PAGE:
The PBS Board adopted a resolution Jan. 29 expressing to his family its sympathy and appreciation for his dedicated service.
"Larry's dedication to public broadcasting and his belief in its mission made him an extremely valuable member of PBS's technical family," the board said.
A service was held Jan. 28 in Bethesda, Md.
His wife, Ruth, and son, Stanton, died earlier. He is survived by his daughter, Beth, and a grandson, Thomas.
Memorial contributions in lieu of flowers may be made in his name to the Bethesda-Chevy Chase Rescue Squad, 5020 Battery Lane, Bethesda, MD 20814, or to Montgomery County SPCA, P.O. Box 637, Washington Grove, MD 20880.
Zoel Parenteau, 75
Zoel J. Parenteau Jr., a key figure in two midwestern public TV stations, died Jan. 10, 2008, at age 75.
Parenteau launched Kansas City's pubTV station, then known as KCSD and operated by the public schools, in 1961. His title changed to g.m. and the call letters to KCPT when a separate nonprofit took charge later.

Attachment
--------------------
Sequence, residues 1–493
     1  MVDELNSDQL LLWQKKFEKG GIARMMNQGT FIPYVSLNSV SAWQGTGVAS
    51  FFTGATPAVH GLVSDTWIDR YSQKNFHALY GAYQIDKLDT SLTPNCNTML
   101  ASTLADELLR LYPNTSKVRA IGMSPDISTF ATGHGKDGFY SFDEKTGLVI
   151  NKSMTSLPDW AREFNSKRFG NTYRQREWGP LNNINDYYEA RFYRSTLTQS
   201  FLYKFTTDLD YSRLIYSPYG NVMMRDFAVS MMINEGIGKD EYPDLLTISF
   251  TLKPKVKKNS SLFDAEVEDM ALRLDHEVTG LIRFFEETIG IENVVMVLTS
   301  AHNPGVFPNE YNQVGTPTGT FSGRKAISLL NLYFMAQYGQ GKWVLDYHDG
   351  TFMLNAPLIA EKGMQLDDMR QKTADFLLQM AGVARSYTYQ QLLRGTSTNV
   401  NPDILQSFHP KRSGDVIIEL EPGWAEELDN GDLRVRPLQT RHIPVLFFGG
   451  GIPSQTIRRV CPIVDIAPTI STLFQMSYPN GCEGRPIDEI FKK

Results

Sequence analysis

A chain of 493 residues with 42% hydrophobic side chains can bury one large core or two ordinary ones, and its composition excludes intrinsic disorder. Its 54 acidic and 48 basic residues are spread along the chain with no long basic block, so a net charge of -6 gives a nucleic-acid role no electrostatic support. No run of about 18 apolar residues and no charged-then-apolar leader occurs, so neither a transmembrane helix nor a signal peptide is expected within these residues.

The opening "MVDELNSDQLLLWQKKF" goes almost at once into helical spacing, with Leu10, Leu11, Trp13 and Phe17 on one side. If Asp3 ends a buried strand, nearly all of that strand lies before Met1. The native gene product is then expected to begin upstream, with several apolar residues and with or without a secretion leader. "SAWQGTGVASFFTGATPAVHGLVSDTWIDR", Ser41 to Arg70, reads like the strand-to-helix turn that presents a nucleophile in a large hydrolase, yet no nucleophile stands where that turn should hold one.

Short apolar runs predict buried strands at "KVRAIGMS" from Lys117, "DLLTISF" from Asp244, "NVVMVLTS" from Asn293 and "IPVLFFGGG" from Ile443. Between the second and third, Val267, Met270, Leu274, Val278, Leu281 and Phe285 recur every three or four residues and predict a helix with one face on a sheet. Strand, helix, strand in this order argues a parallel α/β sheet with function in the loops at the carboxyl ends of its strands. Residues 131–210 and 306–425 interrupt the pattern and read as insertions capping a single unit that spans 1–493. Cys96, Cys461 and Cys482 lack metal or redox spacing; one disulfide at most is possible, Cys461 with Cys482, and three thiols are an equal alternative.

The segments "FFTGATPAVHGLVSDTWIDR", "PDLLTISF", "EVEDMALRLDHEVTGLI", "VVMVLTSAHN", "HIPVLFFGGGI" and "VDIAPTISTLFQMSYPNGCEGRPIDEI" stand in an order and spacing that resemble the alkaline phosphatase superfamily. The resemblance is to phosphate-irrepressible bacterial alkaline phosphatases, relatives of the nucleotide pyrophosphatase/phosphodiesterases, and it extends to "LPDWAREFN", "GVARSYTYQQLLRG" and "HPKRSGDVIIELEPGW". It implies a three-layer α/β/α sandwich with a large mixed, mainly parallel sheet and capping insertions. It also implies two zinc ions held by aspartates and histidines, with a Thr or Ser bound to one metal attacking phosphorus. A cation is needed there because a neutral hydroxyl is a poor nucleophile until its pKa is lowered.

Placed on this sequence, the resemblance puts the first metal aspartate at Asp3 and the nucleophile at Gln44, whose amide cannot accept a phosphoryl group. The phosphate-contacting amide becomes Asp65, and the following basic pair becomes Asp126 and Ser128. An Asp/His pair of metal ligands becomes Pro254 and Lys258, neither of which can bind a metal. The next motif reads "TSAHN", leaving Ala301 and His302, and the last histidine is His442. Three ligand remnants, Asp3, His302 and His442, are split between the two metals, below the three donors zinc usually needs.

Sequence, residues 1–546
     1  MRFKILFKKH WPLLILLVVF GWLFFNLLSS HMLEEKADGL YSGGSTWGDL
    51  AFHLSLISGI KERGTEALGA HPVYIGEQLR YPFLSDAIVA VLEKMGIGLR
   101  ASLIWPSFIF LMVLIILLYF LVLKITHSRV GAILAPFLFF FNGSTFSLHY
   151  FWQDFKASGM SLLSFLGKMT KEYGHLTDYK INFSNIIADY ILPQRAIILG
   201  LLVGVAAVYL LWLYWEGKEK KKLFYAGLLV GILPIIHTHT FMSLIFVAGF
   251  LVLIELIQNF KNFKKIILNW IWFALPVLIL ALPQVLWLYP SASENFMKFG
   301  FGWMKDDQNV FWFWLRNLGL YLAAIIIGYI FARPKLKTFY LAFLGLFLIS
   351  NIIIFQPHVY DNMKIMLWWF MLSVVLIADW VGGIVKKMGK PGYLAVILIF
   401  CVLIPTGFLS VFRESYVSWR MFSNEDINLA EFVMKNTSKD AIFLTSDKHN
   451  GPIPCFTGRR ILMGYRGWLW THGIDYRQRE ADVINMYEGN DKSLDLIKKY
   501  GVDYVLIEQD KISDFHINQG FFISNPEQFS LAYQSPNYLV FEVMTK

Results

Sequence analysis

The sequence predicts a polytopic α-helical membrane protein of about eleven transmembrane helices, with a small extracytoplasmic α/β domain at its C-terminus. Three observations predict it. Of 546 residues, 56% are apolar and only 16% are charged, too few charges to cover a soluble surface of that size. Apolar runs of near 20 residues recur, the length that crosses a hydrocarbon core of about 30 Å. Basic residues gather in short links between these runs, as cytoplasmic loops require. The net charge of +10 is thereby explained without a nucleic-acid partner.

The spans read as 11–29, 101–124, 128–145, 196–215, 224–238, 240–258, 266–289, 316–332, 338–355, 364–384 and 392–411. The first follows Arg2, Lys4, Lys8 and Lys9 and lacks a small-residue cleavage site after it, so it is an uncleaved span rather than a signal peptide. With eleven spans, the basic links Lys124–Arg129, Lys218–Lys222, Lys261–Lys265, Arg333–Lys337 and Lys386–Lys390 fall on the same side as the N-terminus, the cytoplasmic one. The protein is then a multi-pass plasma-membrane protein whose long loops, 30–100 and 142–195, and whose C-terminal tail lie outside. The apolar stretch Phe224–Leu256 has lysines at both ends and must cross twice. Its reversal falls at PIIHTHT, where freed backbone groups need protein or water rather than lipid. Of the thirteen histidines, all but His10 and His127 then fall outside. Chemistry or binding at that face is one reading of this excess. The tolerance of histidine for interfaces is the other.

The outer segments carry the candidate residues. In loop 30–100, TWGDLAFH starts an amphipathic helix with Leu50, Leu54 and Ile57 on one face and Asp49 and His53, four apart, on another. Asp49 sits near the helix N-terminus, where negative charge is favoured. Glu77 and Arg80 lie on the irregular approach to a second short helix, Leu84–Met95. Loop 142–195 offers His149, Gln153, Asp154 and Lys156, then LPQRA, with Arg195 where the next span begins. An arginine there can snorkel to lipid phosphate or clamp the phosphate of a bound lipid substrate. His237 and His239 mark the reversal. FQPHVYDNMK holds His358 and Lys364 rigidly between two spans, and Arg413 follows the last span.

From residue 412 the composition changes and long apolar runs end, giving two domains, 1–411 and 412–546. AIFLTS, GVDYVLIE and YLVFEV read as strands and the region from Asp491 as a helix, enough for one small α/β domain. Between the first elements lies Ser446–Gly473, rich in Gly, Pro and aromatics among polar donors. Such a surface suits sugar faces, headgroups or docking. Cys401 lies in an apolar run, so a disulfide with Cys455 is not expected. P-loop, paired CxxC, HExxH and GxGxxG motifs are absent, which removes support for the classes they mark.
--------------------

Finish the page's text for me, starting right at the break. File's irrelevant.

In 1972, he moved to KPTS in Wichita, Kan., and managed it for 25 years. He was a member of the executive committees of the boards of the Central Educational Network and the National Association of Public Television Stations, according to the National Public Broadcasting Archive, which has a collection of his papers.
Parenteau's longtime program director, Jim Lewis, was ousted after an extended period of staff protests, and Parenteau retired soon afterward in 1996.
He was the first chair of the state's Kansas Public Broadcasting Council in 1993-94.
Parenteau was a past president of the Wichita Rotary Club and remained involved in its activities until his death.
A Pittsburgh native, he received a bachelor's degree in speech and drama from the University of Connecticut and a master's in TV-radio-film from the University of Iowa.
He served as a producer-director for Atlanta pubTV station WETV (now WPBA) before moving to Kansas City.
Survivors include his daughter Peri Parenteau Saner and her husband Steven.
Memorial donations maybe given to the Wichita Children’s Home, 810 N. Holyoke, Wichita, KS 67208.
Sarah-Maud Sivertsen, 100
Philanthropist Sarah-Maud Sivertsen, age 100, whose family made the first big donation to the St. John’s University radio station that grew into Minnesota Public Radio, died Jan. 12, 2008, in her home in St. Paul. She was the last surviving granddaughter of lumber tycoon Frederick Weyerhaeuser, according to the St. Paul Pioneer Press.
With her husband, Robert, who survives her, she made essential donations that helped the college station put a strong signal in the Twin Cities and develop MPR. "Without them, it would absolutely not have worked,'' MPR President Bill Kling told the Pioneer Press.